Amidst the complexity, another irrefutable facet of the conflict is the great powers’ interest in Myanmar, given its vital geo-strategic and geo-political significance. Myanmar, thus, has become a battleground between those who want to restore democracy and those who support the military junta. A case in point is the U.S./West’s sanctions on the Junta against China and Russia’s support of the coup.

Great Powers’ Game in Myanmar

In Myanmar, China’s interests lie in its economic and strategic significance by accessing the Indian Ocean directly. Another is procuring energy by developing an energy corridor through Kyaukpyu deep seaport and overcoming the Malacca dilemma. The third is to exert more influence in Naypyidaw by diluting the West’s influence. Hence, China’s unstoppable support of the Junta benefits its short- and long-term interests.

However, the Dragon plays a double role by balancing its relationship with rebel groups such as the United Wa State Army (UWSA) by supplying with “man-portable air-defence systems, howitzers, a wide range of mortars, rocket launchers, machine-guns and assault rifles and armoured personnel carriers” (Lintner, 2019) in fighting against the junta. Reflecting on China’s policy in Myanmar, Lintner opines that “China is not interested in peace the way people in Myanmar see it, that is, a political solution to decades of ethnic wars. China doesn’t want either; it wants stability, which, for the time being, means a status it can use to achieve its geostrategic goals” (Zaw, 2019). For instance, China delegated its new special envoy for Myanmar to meet with the seven most potent ethnic Armed Organisations (EAOs) in December 2022. Instead of any decisive political solution, Beijing urged EAOs to maintain a distance from the West-backed NUG. Chinese diplomats often attempted to be peace brokers between the junta and the members of the Federal Political Negotiation and Consultative Committee (FPNCC). Still, it could not achieve any positive results.

Russia, which has been a friend of Myanmar for years, supports the military regime by supplying weapons such as aircraft. It is a way to contest its supremacy with the West. Myanmar and Russia recently conducted naval drills in the Andaman Sea. Besides, Russia and Myanmar signed several agreements, including the MoU (The Irrawaddy,2023) for nuclear construction, in October 2023 to address Myanmar’s fuel and electricity crisis. Myanmar gains protection from the United Nations being with Russia while reducing its dependency on China. Russia, in return, finds a new gateway’ for itself, connecting the Western Indian Ocean with the Eastern Indian Ocean and further linking with South and Southeast Asia(The Hindustan Times, 2023).

Unlike China and Russia, the U.S./West supports the NUG instead of the Junta. Just after the coup, they imposed sanctions on selected Myanmar military personnel or enterprises. They even used platforms like the ASEAN with like-minded nations like Malaysia, Singapore and Indonesia to restore democracy. They supported NUG, the National Unity Consultative Council, and other groups in reestablishing peace(Clapp A. and Jason Tower, 2022). However, ASEAN ‘s ‘five-point consensuses’ could not be implemented, and the whole effort did not bear fruitful results. On the contrary, countries like Indonesia and Thailand began to engage bilaterally with Myanmar.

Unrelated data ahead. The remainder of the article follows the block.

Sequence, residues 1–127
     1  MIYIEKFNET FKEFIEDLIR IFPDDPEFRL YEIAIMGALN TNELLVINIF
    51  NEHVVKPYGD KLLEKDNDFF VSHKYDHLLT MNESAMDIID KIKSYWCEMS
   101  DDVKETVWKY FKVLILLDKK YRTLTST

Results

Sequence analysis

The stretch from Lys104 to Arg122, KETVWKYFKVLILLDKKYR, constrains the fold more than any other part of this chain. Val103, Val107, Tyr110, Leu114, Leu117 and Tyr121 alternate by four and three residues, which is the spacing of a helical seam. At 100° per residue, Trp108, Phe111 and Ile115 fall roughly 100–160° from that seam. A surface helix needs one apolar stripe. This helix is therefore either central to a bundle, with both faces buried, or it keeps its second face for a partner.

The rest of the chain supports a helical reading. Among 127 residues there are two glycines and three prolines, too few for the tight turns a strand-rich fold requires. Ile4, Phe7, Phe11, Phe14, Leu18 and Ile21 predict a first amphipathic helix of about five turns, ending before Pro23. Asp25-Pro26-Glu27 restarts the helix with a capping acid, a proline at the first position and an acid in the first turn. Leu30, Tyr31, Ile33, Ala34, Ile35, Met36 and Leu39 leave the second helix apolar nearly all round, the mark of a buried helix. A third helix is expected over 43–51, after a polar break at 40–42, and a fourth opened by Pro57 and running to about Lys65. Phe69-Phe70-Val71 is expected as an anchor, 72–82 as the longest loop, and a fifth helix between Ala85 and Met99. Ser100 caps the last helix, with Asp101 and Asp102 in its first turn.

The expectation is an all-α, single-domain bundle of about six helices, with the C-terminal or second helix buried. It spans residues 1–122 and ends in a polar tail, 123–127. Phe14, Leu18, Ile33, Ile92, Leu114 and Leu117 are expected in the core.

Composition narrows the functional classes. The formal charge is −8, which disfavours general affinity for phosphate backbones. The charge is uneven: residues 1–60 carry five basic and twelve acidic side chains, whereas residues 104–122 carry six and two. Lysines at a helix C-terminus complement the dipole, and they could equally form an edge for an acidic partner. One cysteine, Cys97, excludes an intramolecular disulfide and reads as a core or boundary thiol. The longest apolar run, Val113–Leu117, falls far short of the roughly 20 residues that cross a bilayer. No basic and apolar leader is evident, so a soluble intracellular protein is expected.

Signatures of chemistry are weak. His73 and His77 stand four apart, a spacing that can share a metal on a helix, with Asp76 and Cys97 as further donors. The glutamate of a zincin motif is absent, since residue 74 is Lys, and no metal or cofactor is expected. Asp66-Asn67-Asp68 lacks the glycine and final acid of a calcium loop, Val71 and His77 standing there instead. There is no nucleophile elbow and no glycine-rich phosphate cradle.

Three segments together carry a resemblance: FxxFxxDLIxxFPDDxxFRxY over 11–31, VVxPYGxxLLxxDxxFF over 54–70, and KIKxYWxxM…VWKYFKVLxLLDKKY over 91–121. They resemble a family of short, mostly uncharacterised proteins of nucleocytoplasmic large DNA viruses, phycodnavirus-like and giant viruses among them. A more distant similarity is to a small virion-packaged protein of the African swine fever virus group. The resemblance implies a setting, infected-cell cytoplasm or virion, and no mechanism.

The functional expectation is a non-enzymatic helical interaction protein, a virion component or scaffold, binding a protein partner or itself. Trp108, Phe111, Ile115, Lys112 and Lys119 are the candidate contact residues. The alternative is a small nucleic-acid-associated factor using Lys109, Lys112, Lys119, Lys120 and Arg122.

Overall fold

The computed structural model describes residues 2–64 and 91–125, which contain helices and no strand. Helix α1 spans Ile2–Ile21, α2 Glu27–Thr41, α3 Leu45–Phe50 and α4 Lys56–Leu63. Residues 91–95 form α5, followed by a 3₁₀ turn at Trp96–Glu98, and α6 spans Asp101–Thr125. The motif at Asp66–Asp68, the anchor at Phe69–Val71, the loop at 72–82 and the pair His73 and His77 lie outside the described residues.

India, which shares a 1643km long porous border with Myanmar, has been impacted brutally since Feb 2021 due to the influx of Myanmar refugees from across the border. Though India has called for the restoration of democracy, it plays a balanced approach, given the trans-border issues pertinent to immigration, insurgency, and drug trafficking, to safeguard its security interests. India provided fuel and weapons to the Junta. It is reported that Indian entities have delivered $51 million worth of military-related exports to Myanmar since Feb coup (Brar, 2024)


The February coup is disparate from those earlier ones. Firstly, most of the Barman ethnic group allied with other rebel groups in the pro-democracy movement against the military. It has shifted a new paradigm in the civil war of Myanmar. Secondly, Myanmar becomes a battlefield for great power competition as China and Russia are supporting the coup against the U.S./West. Great powers are getting involved to showcase their power, influence, and values, similar to those proxy wars fought during the Cold War, but in their national interest. Thirdly, Naypyidaw is playing many cards and hedging with as many great powers as possible to maximize its power and achieve goals.

Works Cited

Acting President DuwaLashi La (@DuwaLashiLa) on X (2024, 1 February) Accessed from.

Brar, Aadil (2024, 26 January). China and India Compete for Influence in War on Border. Newsweek. Accessed from:

Clapp A., et al. (2024, 1 February). Three Years After Coup, Myanmar’s Generals Face an Existential Crisis. United States Institute of Peace. Accessed from:

Clapp, Priscilla A. and Jason Tower (2022, May 12). U.S.-ASEAN Summit: A Chance to Explore New Steps to Resolve Myanmar’s Conflict, United States Institute of Peace.Accessed from:

Lintner, Bertil (2019, March). Minorities, Money and Getting It Wrong in Myanmar, Global Asia. Vol. 14 No. 1. Accessed from.

Lintner, Bertil (2023, March). China’s Aggressive Return to Myanmar. Global Asia. Vol. 18 No.1. Accessed from:

Michaels, Morgan (2023, 7 August). What China’s growing involvement means for Myanmar’s Conflict. IISS Myanmar Conflict May. Accessed on:

Myanmar: Intensification of Clashes  Flash Update #10 (as of 15 December 2023) (2023, 15 December). reliefweb. Accessed from:

Myanmar and Russia Sign Nuclear Power Plant Deal (2023, 12 October). The Irrawaddy. Accessed from:

Tostevin, Matthew (2024, 31 January). Far from Ukraine and Gaza, Another War Just Killed 50,000 People. Newsweek. Accessed from:

Why Russia-Myanmar Naval Drills for Indian Ocean Geopolitics (2023, 13 November. The Hindustan Times.Accessed from:

Zaw, John (2019, 21 January). China’s Diplomatic Shield has a Price for Myanmar, UCAnews. Accessed from: